Publication Date

August 21, 2018

Perspectives Section

Member Spotlight, Perspectives Daily

Olivia Weisser is an assistant professor at the University of Massachusetts Boston. She lives in Cambridge, Massachusetts, and has been a member since 2005.

Olivia WeisserWebsite:

Twitter: @OliviaWeisser

Alma maters: BA (history), Wesleyan University; PhD (history of medicine), Johns Hopkins University

Fields of interest: history of medicine, British history, history of gender and sexuality

Describe your career path. What led you to where you are today? My path to where I am today has been fairly linear. I dressed up as historical figures for Halloween when I was little (Betsy Ross, Mary Queen of Scots), and by middle school I wrote term papers on the bubonic plague. By the end of college I was utterly immersed in a senior thesis on 17th-century medical astrology. I devoted a summer to conducting archival research in London. By that point, I knew that I wanted to go to graduate school to study the history of medicine.

What do you like the most about where you live and work? Boston is an amazing place to be a historian because history is everywhere! I walk past a 17th-century church on my way to work. My favorite part about teaching at my particular university is the students. They are incredibly dynamic and earnest, and I learn a lot from them.

What projects are you currently working on? I finished my first book, Ill Composed, a few years ago and am now in the midst of a new project on the history of venereal disease. I am looking at a group of competitive, and quite frankly mean, healers who specialized in treating the disease in London in the early 1700s.

What’s the most fascinating thing you’ve ever found at the archives or while doing research? A couple months ago I found some ivy leaves pressed into the pages of a medical recipe book from the 1670s. I often think about how the books and letters I read in the archives are made from paper and ink that are hundreds of years old, but I rarely come across physical objects in my research. Finding those leaves was really evocative—a different kind of peek into the life of the woman who compiled that book.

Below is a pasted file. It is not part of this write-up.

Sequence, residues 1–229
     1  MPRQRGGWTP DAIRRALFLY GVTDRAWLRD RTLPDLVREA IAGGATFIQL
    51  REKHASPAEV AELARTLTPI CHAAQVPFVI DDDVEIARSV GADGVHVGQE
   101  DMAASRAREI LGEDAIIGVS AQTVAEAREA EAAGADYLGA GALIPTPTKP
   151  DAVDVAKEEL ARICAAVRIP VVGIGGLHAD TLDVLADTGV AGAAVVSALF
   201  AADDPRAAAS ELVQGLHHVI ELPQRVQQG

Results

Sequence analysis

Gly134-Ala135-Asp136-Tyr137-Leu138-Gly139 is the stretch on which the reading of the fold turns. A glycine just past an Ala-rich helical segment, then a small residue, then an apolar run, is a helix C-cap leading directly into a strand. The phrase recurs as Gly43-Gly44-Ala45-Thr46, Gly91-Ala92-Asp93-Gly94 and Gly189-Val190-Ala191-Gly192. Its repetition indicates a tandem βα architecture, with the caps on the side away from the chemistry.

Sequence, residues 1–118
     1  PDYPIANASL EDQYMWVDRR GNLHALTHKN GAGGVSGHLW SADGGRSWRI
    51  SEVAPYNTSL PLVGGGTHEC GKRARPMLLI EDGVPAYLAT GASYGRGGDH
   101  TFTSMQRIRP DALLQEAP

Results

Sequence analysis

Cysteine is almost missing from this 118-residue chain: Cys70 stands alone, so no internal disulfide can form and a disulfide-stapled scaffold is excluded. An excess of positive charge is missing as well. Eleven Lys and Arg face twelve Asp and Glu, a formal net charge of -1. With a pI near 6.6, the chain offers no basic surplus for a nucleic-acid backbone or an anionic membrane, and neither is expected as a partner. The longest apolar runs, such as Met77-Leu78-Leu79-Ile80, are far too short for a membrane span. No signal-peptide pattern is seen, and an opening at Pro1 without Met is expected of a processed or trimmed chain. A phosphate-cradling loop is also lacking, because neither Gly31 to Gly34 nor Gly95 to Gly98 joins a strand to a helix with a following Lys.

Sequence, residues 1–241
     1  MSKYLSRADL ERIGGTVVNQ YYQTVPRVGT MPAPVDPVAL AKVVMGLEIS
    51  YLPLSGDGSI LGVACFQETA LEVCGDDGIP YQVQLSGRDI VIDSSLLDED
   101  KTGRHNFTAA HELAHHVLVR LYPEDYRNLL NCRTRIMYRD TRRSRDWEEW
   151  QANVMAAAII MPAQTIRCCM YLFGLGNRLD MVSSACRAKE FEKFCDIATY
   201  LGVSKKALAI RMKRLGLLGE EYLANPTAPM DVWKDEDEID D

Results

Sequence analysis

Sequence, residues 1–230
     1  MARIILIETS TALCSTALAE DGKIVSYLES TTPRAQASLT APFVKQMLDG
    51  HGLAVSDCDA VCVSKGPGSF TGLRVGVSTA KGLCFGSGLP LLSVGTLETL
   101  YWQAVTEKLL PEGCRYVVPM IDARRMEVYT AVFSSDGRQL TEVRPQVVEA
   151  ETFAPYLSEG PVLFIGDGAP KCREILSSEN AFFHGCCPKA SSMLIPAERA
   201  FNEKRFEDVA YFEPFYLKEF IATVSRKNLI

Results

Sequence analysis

Is there an article, book, movie, blog etc. that you could recommend to fellow AHA members? I recently read God’s Hotel by Victoria Sweet and really loved it. Sweet describes her work as a doctor at a facility for destitute, chronically ill patients in San Francisco. She is also a historian of medieval medicine, and the book charts how her historical research shapes her thinking about both clinical practice and the development of modern-day healthcare institutions that focus on efficiency at all costs.

What do you value most about the history discipline? I like how history combines the art of storytelling with the rigor of proving arguments.

AHA members are involved in all fields of history, with wide-ranging specializations, interests, and areas of employment. To recognize our talented and eclectic membership, Perspectives Daily features a regular AHA Member Spotlight series.

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Matthew Keough
Matthew Keough

American Historical Association